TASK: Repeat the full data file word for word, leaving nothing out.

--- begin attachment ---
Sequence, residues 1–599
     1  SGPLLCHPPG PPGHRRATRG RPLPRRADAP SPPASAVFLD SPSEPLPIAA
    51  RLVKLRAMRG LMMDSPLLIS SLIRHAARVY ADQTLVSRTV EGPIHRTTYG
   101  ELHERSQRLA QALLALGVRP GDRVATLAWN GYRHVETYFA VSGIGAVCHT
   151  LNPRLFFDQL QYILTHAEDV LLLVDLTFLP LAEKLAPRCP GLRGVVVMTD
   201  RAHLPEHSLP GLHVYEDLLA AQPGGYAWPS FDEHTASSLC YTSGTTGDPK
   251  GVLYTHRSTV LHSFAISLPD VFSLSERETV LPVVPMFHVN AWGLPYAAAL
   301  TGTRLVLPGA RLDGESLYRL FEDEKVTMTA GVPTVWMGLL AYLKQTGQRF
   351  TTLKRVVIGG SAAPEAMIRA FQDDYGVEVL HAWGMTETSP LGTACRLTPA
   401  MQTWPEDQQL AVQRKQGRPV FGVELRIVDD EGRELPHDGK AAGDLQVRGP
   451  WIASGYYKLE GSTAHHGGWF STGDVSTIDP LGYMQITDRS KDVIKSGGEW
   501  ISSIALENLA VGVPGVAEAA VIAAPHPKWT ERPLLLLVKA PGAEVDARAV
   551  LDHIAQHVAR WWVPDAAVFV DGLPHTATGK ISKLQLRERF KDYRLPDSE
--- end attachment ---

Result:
Sequence, residues 1–599
     1  SGPLLCHPPG PPGHRRATRG RPLPRRADAP SPPASAVFLD SPSEPLPIAA
    51  RLVKLRAMRG LMMDSPLLIS SLIRHAARVY ADQTLVSRTV EGPIHRTTYG
   101  ELHERSQRLA QALLALGVRP GDRVATLAWN GYRHVETYFA VSGIGAVCHT
   151  LNPRLFFDQL QYILTHAEDV LLLVDLTFLP LAEKLAPRCP GLRGVVVMTD
   201  RAHLPEHSLP GLHVYEDLLA AQPGGYAWPS FDEHTASSLC YTSGTTGDPK
   251  GVLYTHRSTV LHSFAISLPD VFSLSERETV LPVVPMFHVN AWGLPYAAAL
   301  TGTRLVLPGA RLDGESLYRL FEDEKVTMTA GVPTVWMGLL AYLKQTGQRF
   351  TTLKRVVIGG SAAPEAMIRA FQDDYGVEVL HAWGMTETSP LGTACRLTPA
   401  MQTWPEDQQL AVQRKQGRPV FGVELRIVDD EGRELPHDGK AAGDLQVRGP
   451  WIASGYYKLE GSTAHHGGWF STGDVSTIDP LGYMQITDRS KDVIKSGGEW
   501  ISSIALENLA VGVPGVAEAA VIAAPHPKWT ERPLLLLVKA PGAEVDARAV
   551  LDHIAQHVAR WWVPDAAVFV DGLPHTATGK ISKLQLRERF KDYRLPDSE